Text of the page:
A reminder: You can configure the channel-strip AUX
SEND 1 knobs as Aux 1 sends or Aux 2 sends at any time
by pressing the AUX 1 or AUX 2 button, as desired.
Creating a Monitor Mix with the Alt Bus
The Basic Idea
The basic idea of the Alt bus is that you can remove
input signals from the main mix by muting them, which
re-routes them to the Alt bus. You can add the signals on
the Alt bus back to the main mix, or not, as your needs
dictate, or use them as a separate feed. The applications
on Page 7 demonstrate what we mean.
Creating an Aux 2 Monitor Mix
• Press AUX 2 so it lights—designating the channelstrip AUX 1 knobs as sends to the Aux 2 bus.
• Adjust each input level—using its AUX 1 knob.
The Alt Bus is a Post-Style Bus
The Alt bus gets its signal post-fader, so each of its signals
• can be EQ’d—using its channel strip’s EQ.
• can use an insert effect—if it’s going through Input Channel 1 and 2.
• can be positioned in the Alt bus stereo image—using its channel strip’s
PAN or BALANCE knob.
• has its volume set—by the channel-strip LEVEL knob.
Connecting to the Alt Bus
You can send the Alt bus to a monitor power amp or in-ear/headphone amp
directly from the M-16DX rear-panel ALT OUT L and R jacks if you like.
A better option for live mixing—where you don’t need a separate controlroom feed as you would in a studio context—is to use the CONTROL ROOM
L and R jacks for your Alt bus monitor mix instead, for a few reasons.
When the AUX 2 button is lit, each channel’s AUX 1 knob
sends the channel’s signal to the Aux 2 bus.
Using the CONTROL ROOM outputs for an Alt bus monitor mix gives you:
• an overall Alt bus gain control—using the PHONES/CONTROL ROOM
• routing flexibility—using the MUTE MAIN MIX button and the PHONES/
CONTROL ROOM ALT and FX buttons.
In the PHONES/CONTROL ROOM area of the mixer, press in the ALT
button, and make sure the MUTE MAIN MIX button isn’t lit so that
both the Alt bus and main mix travel through the CONTROL ROOM L
and R outputs to your performers.
Pressed in
Therefore, we recommend connecting the CONTROL ROOM L and R jacks
to your monitor-speaker power amp or in-ear/headphone amp when you’re
setting up an Alt bus monitor mix.
Creating a Click-Track-Only Feed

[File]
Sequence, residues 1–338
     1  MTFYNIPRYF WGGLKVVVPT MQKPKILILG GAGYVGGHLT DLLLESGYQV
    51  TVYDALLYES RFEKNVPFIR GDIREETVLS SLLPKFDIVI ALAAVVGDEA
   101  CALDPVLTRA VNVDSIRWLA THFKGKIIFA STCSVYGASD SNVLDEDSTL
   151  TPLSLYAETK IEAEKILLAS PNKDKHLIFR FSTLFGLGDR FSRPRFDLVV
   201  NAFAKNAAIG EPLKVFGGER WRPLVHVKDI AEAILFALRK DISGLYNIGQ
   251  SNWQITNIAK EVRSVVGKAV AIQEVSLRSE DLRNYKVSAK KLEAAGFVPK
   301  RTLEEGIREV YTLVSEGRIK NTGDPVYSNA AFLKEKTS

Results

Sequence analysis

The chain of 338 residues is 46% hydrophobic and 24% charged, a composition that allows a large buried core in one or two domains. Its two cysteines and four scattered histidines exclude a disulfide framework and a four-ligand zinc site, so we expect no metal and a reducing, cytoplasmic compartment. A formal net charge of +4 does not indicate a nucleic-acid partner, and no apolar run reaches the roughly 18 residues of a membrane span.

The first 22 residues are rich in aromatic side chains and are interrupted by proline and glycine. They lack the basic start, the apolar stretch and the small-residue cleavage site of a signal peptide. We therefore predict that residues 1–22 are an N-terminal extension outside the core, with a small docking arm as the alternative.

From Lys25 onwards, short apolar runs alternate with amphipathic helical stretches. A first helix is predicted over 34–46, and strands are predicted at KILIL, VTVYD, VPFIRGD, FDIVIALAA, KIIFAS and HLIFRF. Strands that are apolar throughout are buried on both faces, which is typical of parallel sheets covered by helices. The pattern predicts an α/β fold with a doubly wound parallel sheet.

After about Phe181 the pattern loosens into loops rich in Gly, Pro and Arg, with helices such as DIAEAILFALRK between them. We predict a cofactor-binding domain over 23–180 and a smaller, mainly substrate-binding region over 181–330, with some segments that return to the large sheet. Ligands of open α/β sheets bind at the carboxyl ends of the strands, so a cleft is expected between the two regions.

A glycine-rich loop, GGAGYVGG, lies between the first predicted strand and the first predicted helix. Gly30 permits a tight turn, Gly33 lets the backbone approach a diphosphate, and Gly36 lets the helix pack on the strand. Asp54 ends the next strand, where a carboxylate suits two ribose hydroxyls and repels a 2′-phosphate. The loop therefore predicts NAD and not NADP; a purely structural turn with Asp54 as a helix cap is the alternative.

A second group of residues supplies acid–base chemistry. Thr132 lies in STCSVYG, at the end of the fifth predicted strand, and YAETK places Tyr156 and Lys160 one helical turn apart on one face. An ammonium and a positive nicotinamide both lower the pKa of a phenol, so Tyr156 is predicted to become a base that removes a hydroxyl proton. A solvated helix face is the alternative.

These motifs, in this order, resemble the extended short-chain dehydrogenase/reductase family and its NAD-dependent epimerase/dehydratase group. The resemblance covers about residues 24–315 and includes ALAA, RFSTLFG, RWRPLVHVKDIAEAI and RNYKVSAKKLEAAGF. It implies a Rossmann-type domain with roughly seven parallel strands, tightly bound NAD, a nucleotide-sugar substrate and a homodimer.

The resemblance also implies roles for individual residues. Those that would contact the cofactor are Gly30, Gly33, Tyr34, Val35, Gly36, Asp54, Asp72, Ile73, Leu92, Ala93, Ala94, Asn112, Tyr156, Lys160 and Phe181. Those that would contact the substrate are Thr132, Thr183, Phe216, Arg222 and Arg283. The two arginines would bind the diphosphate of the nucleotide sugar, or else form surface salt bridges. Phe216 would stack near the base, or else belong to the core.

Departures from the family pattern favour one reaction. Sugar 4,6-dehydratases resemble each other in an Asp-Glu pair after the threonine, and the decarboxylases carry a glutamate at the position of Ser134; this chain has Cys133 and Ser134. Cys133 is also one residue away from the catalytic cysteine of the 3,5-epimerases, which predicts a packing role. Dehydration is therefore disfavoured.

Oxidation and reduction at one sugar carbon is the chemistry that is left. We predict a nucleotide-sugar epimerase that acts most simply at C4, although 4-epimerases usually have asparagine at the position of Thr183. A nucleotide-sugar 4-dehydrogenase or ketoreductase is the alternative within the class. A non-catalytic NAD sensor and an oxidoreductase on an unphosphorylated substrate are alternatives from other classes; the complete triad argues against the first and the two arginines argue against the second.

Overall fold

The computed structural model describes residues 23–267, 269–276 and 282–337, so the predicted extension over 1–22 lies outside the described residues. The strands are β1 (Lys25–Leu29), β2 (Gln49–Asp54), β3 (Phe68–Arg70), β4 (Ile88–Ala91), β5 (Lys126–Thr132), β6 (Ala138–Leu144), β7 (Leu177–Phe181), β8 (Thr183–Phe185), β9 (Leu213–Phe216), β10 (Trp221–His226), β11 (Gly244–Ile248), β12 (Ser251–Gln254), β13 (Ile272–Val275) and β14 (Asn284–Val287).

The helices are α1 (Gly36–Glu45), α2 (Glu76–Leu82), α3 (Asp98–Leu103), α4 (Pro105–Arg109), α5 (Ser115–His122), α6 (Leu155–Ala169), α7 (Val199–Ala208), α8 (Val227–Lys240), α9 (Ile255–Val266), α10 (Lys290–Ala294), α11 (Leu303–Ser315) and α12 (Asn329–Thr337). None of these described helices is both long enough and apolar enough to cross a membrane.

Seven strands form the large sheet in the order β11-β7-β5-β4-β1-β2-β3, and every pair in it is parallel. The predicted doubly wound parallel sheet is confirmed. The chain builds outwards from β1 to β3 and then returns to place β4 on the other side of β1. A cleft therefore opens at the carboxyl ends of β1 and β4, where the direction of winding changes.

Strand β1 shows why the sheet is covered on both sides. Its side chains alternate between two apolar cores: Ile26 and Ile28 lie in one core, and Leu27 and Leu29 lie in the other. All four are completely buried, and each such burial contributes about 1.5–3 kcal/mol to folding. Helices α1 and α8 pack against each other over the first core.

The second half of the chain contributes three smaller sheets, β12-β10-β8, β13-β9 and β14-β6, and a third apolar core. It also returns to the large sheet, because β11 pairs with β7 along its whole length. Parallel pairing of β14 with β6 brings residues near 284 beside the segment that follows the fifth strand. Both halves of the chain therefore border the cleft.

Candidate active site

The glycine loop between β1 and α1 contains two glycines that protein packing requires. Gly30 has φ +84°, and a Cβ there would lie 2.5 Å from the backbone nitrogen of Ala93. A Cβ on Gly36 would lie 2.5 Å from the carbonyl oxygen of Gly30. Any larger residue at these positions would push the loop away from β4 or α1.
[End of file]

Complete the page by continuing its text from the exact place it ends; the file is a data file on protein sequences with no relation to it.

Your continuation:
Creating a Stripped-Down Main Mix for Performers
When you’re using a click-track, it’s best to do it via in-ears/
headphones to ensure the audience doesn’t hear the click.
If you’ve got a digital metronome with a line out jack, connect it to an
unused input jack on the M-16DX to create a click-track your rhythmkeeper can follow in performance.
Press in the MUTE (ALT) button on the selected input’s channel strip.
In the PHONES/CONTROL ROOM area of the mixer, press in the ALT
button, and hold down the MUTE MAIN MIX button so it lights,
removing the main mix from the monitor mix.
Press the MUTE (ALT) button in for each input signal you don’t want
to send to your performers. Leave all other channel-strip MUTE (ALT)
buttons in their up position.
In the MAIN MIX area of the M-16DX
mixer, press in the ALT button so that all
of the Alt bus signals go to main mix and
to the audience.
the mixer, make sure the ALT button isn’t
pressed in—removing its signals from
the monitor mix—and make sure the
MUTE MAIN MIX button isn’t lit.
Pressed in
Pressed in
Not pressed in
Creating a Unique Performer-Only Mix
Press the MUTE (ALT) button in for each input signal you want to send
only to your performers. Leave all other MUTE (ALT) buttons up.
In the MAIN MIX area of the M-16DX
mixer, make sure that the ALT button
isn’t pressed in.
Not pressed in
Some Live-Mixing Thoughts
Here are some tips for building a successful live mix with the M-16DX.
• Keep onstage volumes to a minimum—When onstage amps are turned
up too high, you’ll have little chance of getting the mix under control,
with quieter elements such as vocals being hard to bring out in the mix.
Talk to your performers about keeping their onstage amps down to the
lowest possible level so you can more effectively control the audience’s
mix, which is what counts most of all.
The End
We hope you’ve found this workshop helpful. You’ll find other
M-16DX Workshop booklets available for downloading at
• Keep headroom in mind—As you set up the mix during soundcheck,
start with the instruments, but don’t go for maximum volume yet. Leave
some room, called “headroom,” for vocals and solo instruments. Once
you’ve got the vocals and solo instruments where you want them, you
can raise the level of the whole mix.
After you’ve set up your mix as desired, you may be able to pump up its
apparent volume even further using the M-16DX’s Finalize feature, as
described in the Using the M-16DX’s Finalize Tools Workshop booklet.
• Use the M-16DX’s internal effects—The M-16DX contains reverb and
delay effects that you can add to various input signals to add depth and
polish. If you’re not already using Aux 2 for monitor purposes, consider
using the built-in effects to complete the aural picture you’re painting.
• Stereo mixing—If you’re working with a stereo PA, consider taking
advantage of the M-16DX’s stereo capabilities and effects. Stereo can
make the performers’ sounds that much bigger and clearer. To connect
the M-16DX to the power amp of a stereo sound system, use the MAIN
OUT L and R jacks on the back of the I/O module.
• Mono mixing—If you decide to mix in mono, or are working with a
mono sound system, connect the MAIN OUT L jack on the back of the
M-16DX I/O module, and pan each input channel all the way left to get
the most signal out of the M-16DX.